Indonesia’s Delicate Dance Between China and the US

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ASEAN Beat | Diplomacy | Southeast Asia

Indonesia’s Delicate Dance Between China and the US

Southeast Asia’s largest country should seek complementary improvements in its relations with the two major world powers.

Indonesia’s Delicate Dance Between China and the US
Credit: Depositphotos

In late June, Jakarta and Washington began construction on a $3.5 million maritime training center in Batam, close to Singapore and the southern entrance to the Straits of Malacca. The development is strategically significant due to the planned center’s proximity to trade routes running between the South China Sea and the Straits. The move is also the latest sign that the U.S. is stepping up its presence in Indonesia in order to counter China’s growing influence in Southeast Asia.

During the training center’s ground-breaking ceremony on June 27, U.S. Ambassador Sung Kim said that the initiative was part of Washington’s ongoing efforts to partner with Indonesia in fighting transnational crime, which includes the provision of equipment, support, training, and technical assistance to the Indonesian maritime security agency (Bakamla).

“As a friend and partner of Indonesia, the United States remains committed to supporting Indonesia’s leading role in advancing regional peace and security by fighting domestic and transnational crimes,” he said.

The center builds on the increasing U.S. security engagement with Indonesia. According to the U.S. State Department, Indonesia received $39 million in aid from the U.S. last year for military and security assistance, training, and education. Earlier, Indonesia also received $5 million in assistance to build up its defense resource capacity, including strengthening maritime security, between 2016 and 2020. The Indonesian Armed Forces and U.S. Army Pacific also regularly conduct the Garuda Shield military exercises, which focus on peace support training capacity and stability operations.

The maritime training center, situated at the strategic meeting point of the South China Sea and Malacca Strait, can be considered as an American effort to reaffirm Washington’s status as Indonesia’s top defense partner and to contain China’s influence in Southeast Asia.

Since Joe Biden took office in January, his policy toward China has shifted in some ways. “I’m not going to do it the way Trump did,” he said. “We are going to focus on the international rules of the road. We need not have a conflict but there is going to be extreme competition.” At the same time, the policies remain in many ways unchanged from the Trump era.

The continuing competition between the U.S. and China has put Indonesia in a difficult position. But Indonesia enjoys a vital strategic position in the region, and could benefit as the two superpowers seek to strengthen their presence in Southeast Asia.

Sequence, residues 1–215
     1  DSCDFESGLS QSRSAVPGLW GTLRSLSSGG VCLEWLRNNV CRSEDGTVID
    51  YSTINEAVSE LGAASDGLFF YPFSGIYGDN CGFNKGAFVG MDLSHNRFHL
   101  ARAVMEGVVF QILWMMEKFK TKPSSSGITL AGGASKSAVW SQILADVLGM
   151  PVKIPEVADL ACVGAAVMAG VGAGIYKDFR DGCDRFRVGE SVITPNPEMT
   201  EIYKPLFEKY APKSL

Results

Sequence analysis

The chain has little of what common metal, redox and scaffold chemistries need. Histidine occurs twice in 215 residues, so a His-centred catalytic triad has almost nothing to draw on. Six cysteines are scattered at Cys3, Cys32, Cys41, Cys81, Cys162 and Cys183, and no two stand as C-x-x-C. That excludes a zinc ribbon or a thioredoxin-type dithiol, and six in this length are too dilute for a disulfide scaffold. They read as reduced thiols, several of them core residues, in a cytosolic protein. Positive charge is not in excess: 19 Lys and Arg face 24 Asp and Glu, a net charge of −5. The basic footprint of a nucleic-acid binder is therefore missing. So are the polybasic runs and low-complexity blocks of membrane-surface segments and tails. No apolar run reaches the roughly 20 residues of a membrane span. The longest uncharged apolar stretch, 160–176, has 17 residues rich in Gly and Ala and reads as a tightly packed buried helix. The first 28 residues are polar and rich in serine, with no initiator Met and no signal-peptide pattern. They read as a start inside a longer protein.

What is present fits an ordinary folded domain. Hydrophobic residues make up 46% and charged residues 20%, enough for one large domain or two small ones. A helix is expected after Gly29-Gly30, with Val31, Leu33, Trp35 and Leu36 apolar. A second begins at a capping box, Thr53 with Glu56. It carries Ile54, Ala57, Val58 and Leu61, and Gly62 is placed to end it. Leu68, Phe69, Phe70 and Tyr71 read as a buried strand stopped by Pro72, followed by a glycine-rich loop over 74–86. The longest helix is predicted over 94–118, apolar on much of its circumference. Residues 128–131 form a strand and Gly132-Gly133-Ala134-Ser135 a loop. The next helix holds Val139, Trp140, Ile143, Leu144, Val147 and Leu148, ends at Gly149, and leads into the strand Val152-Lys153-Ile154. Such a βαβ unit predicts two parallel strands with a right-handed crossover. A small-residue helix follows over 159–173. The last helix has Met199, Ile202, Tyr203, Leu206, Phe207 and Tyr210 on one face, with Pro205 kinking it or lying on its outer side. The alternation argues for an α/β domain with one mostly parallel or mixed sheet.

So far, Indonesia has been relatively successful in maintaining bilateral relations with the two world powers and maintaining its long-standing principle of a “free and active” foreign policy. Relations are also complementary. According to Collin Koh, a researcher at the Institute for Defense and Strategic Studies in Singapore, Indonesia’s relations with China are overwhelmingly economic, while it “is closer to the U.S. in terms of defense and security.”

However, China is also trying to improve defense relations with Indonesia, including assisting in the operation to lift the KRI Nanggala submarine that sank off the coast of Bali in May. In mid-2020, Defense Minister Prabowo Subianto met with Chinese Defense Minister Wei Fenghe to discuss cooperation in handling COVID-19, including the manufacture of China’s Sinovac vaccine, hospital ventilators, and sterilization and disinfection robots for health isolation rooms, in addition to other healthcare products.

While China’s defense engagement with Indonesia still lags behind the U.S., it excels in investment and trade. China is the second largest investor in Indonesia after Singapore, with an investment value of $4.8 billion. Even last year, in the midst of the COVID-19 pandemic, Chinese investment increased by 9 percent. China was also Indonesia’s largest trading partner in 2020 with a trade value of $71.4 billion, while trade with the U.S. came to just $27.2 billion.

As Chinese Foreign Minister Wang Yi pointed out during the inaugural meeting of the Dialogue Mechanism of High-Level Sino-Indonesian Dialogue in Guiyang in June, “China has been Indonesia’s largest trading partner for 10 consecutive years and remains Indonesia’s second largest source of investment.”

As U.S.-China tensions continue to increase, President Joko Widodo must be able to engage proactively with the two hegemons. While China and Indonesia’s economic cooperation remains robust, surveys conducted by Pew Research report have found that 48 percent of the public believe that Chinese investment will only have a negative impact on society, especially on levels of employment. Recent xenophobic sentiment has strengthened as China’s economic activities in the country have grown, especially with the influx of Chinese workers into the country.

Taking into account the strategic position it enjoys in an era of U.S.-China competition, Indonesia needs to maximize the existing potential of its relations with both superpowers in order to safeguard its prosperity and sovereignty over the long term. Indonesia should improve military ties with China and investment with the United States. Only be creating a greater balance in its relations with the two superpowers can Indonesia make “free and active” the reality of its foreign policy, rather than just the slogan.